STATEMENT: New Report Prevents Accurate Measurement of Controversial Women’s Health Programs

STATEMENT: New Report Prevents Accurate Measurement of Controversial Women’s Health Programs

For Release: 4-27-2018

Contact: Alexa Garcia-Ditta, [email protected]

 

AUSTIN, TX — Yesterday, the Texas Health and Human Services released a report on the state’s women’s health programs, which includes Healthy Texas Women and the Family Planning Program. While the report shows that the programs served more women in state fiscal year 2017 than it did in FY 2016, the state’s reporting methodology makes it impossible to know if as many Texans are receiving care as they did before the programs were cut in 2011.

The inclusion of providers with no reproductive health care experience like The Heidi Group resulted in only achieving the national average of 8 percent long-acting, reversible contraception (LARC) usage, likely due to the unfamiliarity of providers with LARC methods and unavailability of these methods in their offices, and only 2 percent of the program’s patients were teens.

Blake Rocap, interim executive director at NARAL Pro-Choice Texas, released the following statement on the report —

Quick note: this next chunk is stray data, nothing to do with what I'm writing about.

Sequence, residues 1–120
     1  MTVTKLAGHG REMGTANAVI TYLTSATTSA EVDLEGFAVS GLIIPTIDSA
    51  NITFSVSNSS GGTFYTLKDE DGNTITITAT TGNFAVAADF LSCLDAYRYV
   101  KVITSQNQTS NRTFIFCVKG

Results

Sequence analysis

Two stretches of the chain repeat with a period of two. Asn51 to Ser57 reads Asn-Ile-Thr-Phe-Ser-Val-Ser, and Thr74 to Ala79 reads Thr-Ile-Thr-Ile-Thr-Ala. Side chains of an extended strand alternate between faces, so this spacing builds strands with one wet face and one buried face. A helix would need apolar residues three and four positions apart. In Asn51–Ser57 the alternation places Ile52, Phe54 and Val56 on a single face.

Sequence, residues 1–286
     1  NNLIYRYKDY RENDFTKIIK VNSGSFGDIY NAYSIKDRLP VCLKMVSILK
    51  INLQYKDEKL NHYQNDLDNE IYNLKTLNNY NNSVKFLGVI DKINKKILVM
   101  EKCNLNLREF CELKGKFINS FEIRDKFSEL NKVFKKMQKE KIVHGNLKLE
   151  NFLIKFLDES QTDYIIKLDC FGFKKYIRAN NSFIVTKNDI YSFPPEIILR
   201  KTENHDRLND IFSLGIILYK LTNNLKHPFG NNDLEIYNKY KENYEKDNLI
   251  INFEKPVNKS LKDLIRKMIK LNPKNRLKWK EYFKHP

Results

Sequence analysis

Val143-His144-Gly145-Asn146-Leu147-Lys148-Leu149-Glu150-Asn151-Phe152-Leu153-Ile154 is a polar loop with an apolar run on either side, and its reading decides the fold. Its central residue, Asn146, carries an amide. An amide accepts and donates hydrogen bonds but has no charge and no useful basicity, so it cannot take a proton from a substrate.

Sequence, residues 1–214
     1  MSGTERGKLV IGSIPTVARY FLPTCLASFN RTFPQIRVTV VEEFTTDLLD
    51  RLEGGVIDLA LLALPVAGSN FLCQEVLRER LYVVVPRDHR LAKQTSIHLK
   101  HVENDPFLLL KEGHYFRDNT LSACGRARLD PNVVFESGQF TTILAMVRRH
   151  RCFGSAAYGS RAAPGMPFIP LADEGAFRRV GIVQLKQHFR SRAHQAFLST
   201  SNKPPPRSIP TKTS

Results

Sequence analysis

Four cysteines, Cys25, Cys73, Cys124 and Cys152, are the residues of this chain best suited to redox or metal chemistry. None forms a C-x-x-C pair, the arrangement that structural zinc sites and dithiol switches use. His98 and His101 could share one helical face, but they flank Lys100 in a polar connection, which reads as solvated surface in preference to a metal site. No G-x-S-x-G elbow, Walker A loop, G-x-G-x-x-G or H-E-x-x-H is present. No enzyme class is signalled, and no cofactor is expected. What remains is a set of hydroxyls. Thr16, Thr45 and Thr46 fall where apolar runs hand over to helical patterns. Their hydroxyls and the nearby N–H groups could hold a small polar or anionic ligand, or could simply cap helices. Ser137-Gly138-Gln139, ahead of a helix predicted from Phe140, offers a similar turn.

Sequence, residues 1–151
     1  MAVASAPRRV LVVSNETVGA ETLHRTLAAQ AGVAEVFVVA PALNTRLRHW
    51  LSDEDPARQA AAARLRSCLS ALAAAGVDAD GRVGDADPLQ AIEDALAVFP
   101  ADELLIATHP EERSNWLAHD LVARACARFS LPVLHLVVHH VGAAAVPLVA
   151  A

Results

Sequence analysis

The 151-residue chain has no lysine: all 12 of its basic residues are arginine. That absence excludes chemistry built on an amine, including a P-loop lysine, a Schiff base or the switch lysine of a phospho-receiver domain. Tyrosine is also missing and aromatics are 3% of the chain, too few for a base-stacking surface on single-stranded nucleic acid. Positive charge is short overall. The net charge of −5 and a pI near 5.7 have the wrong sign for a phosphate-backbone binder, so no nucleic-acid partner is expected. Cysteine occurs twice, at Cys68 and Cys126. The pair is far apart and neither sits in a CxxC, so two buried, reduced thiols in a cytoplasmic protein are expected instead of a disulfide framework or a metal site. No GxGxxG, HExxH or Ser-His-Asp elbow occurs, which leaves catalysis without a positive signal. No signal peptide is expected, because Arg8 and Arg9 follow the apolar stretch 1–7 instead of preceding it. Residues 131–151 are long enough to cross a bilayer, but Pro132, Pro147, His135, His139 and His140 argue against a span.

“Lawmakers required this report from the Health and Human Services Commission so they could evaluate the policy and funding changes they made to these programs. Unfortunately, this report does not  demonstrate the state’s programs are successful; key data required by the Legislature to make that conclusion is missing. Without information on how many clients each provider served, it is impossible to know which contractors met their goals and which are spending tax dollars most efficiently. Refusing to release the required data frustrates the intent of the report, and does not allow the Legislature to provide appropriate contract compliance oversight to an agency that obviously needs it.

“The number of total providers is not indicative of actual program capacity, almost half did not provide any care; the number of total enrollees is not indicative of patient access, almost half did not receive care. Texas is failing by not accurately tracking how its programs work therefore denying lawmakers the opportunity to make sound public policy.

“If the agency is going to ignore budget rider directives from lawmakers, we suggest they restore the ability of patients to see any qualified provider of their choice, take the nine to one  federal matching dollars and return the program to the success it enjoyed before anti-abortion politicians destroyed it in 2011.

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